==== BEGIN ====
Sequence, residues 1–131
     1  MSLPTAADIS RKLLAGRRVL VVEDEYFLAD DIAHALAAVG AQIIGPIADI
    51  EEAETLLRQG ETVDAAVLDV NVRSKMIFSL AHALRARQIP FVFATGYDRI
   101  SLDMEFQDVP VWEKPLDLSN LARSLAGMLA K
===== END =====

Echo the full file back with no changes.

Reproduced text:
Sequence, residues 1–131
     1  MSLPTAADIS RKLLAGRRVL VVEDEYFLAD DIAHALAAVG AQIIGPIADI
    51  EEAETLLRQG ETVDAAVLDV NVRSKMIFSL AHALRARQIP FVFATGYDRI
   101  SLDMEFQDVP VWEKPLDLSN LARSLAGMLA K